Scientific environment and workplace

The MEM laboratory currently hosts 2 DNP spectrometers, including the first DNP spectrometer installed in France (2011). Since then, the laboratory has gained international recognition in the DNP field. The originality of the Grenoble DNP team lies in the diversity of its research, which encompasses methodological developments (pulse sequences, sample preparation, DNP theory, design of improved polarizing agents, targeted and selective DNP), major instrumental developments (autonomous helium cryostat and fast MAS cryogenic probes operating at very low temperatures << 100 K and fast MAS), but also advanced applications in the field of functional materials and complex biomolecular systems.

The MEM laboratory also hosts 3 other NMR spectrometers (200 / 400 / 500 MHz) equipped with solution, PFG, HRMAS and solid-state NMR probes, including a fast MAS probe and an in operando probe for low field paramagnetic NMR. IRIG gathers 10 laboratories including MEM, with about 1000 researchers, technicians, doctoral and post-doctoral students, covering a large variety of interdisciplinary fields (nanophysics, chemistry for health and energy, cryo-technologies, biology and medicine). Besides, IRIG includes also the IBS NMR groups which are specialized in structural biology and host 6 other NMR instruments (including a 950 MHz spectrometer). This strong environment in NMR is ideally complemented by research teams specialized in EPR, advanced electron microscopy, X-ray (lab equipment and ESRF) and neutron (ILL) diffraction.

Located in the French Alps and surrounded by a stunning natural environment, the international city of Grenoble represents an extremely rich ecosystem formed by public research organizations (CEA, CNRS, ESRF, ILL) and high-tech companies. In addition, the Université Grenoble Alpes attracts a large number of students who can benefit from high-level academic training in a broad range of disciplines.


Candidates should have a PhD in Chemistry / Physical Chemistry / Physics or Engineering with a dissertation awarded from a research group specialized in advanced NMR spectroscopy techniques. The candidate should have hands-on experience in solid-state NMR and dynamic nuclear polarization. Preference will be given to candidates with postdoctoral experience of at least two to three years. The candidate should master NMR acquisition software and have a strong expertise in NMR theory, pulse sequence development and computational analysis. Experience with spectrometer and probe troubleshooting, matlab or equivalent, python scripting etc. is a plus. Excellent communication skills in English and ability to work in a research team is a requirement.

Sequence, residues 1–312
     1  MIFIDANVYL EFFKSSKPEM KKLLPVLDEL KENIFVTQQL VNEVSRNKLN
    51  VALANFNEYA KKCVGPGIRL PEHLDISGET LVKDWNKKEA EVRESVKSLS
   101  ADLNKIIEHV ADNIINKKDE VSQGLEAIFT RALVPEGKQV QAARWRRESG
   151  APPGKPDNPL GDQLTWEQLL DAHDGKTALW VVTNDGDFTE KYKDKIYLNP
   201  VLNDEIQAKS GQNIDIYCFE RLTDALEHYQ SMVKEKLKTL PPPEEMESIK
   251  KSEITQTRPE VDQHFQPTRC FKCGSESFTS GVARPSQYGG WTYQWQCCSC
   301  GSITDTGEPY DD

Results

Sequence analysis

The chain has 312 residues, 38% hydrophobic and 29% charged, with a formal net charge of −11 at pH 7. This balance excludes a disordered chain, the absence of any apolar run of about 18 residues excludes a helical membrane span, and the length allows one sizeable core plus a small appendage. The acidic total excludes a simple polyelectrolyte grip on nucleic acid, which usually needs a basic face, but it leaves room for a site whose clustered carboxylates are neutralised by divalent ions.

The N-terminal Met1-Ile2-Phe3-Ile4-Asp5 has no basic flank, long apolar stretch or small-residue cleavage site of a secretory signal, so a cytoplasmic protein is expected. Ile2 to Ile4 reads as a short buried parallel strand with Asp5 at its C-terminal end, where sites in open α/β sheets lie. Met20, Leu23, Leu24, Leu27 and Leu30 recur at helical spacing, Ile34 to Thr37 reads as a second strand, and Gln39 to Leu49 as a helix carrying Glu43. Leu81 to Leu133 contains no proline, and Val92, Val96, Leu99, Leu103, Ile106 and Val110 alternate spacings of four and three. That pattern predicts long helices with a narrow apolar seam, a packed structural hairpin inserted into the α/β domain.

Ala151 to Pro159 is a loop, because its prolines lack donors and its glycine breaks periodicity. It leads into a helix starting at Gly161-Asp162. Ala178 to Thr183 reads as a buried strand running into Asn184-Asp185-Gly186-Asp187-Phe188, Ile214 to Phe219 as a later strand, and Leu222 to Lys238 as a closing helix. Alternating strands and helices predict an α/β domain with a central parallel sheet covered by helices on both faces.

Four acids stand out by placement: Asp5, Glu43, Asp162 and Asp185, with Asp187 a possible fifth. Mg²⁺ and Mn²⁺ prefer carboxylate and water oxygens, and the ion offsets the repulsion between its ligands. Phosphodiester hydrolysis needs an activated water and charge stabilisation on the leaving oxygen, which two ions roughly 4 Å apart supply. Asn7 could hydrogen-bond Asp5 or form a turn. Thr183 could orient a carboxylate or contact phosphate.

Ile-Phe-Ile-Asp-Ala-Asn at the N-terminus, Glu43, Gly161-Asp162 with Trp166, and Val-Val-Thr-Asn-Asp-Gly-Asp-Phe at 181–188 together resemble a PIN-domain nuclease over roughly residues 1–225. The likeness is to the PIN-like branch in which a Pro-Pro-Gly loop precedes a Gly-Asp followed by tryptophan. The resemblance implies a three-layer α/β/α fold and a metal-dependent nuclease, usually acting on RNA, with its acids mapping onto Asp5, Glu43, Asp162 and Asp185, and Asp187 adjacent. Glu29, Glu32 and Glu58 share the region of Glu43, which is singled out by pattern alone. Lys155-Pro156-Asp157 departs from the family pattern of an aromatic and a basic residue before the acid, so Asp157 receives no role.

How to Apply

Candidates are requested to send by email a motivation letter and a detailed CV to Gaël De Paëpe at gael.depaepe@cea.fr, deadline for application: August 15th, 2020. Selected candidates will be informed quickly and called for an interview planned in September 2020. Depending on the situation, interviews might be conducted online.

Additional information: This offer corresponds to a tenured position at the French Atomic and Alternative Energy Commission (CEA, www.cea.fr). Salary is commensurate with experience. 

-- Dr Gaël De Paëpe CEA / Univ. Grenoble Alpes DRF/IRIG/MEM/RM email gael.depaepe@cea.fr voice (office) +33 4 38 78 65 70 voice (lab) +33 4 38 78 47 26 fax +33 4 38 78 50 90 Mailing address: CEA Grenoble 17 Avenue des Martyrs Bâtiment 51C Office P.132a / Lab P.138 38054 Grenoble Cedex 9 - France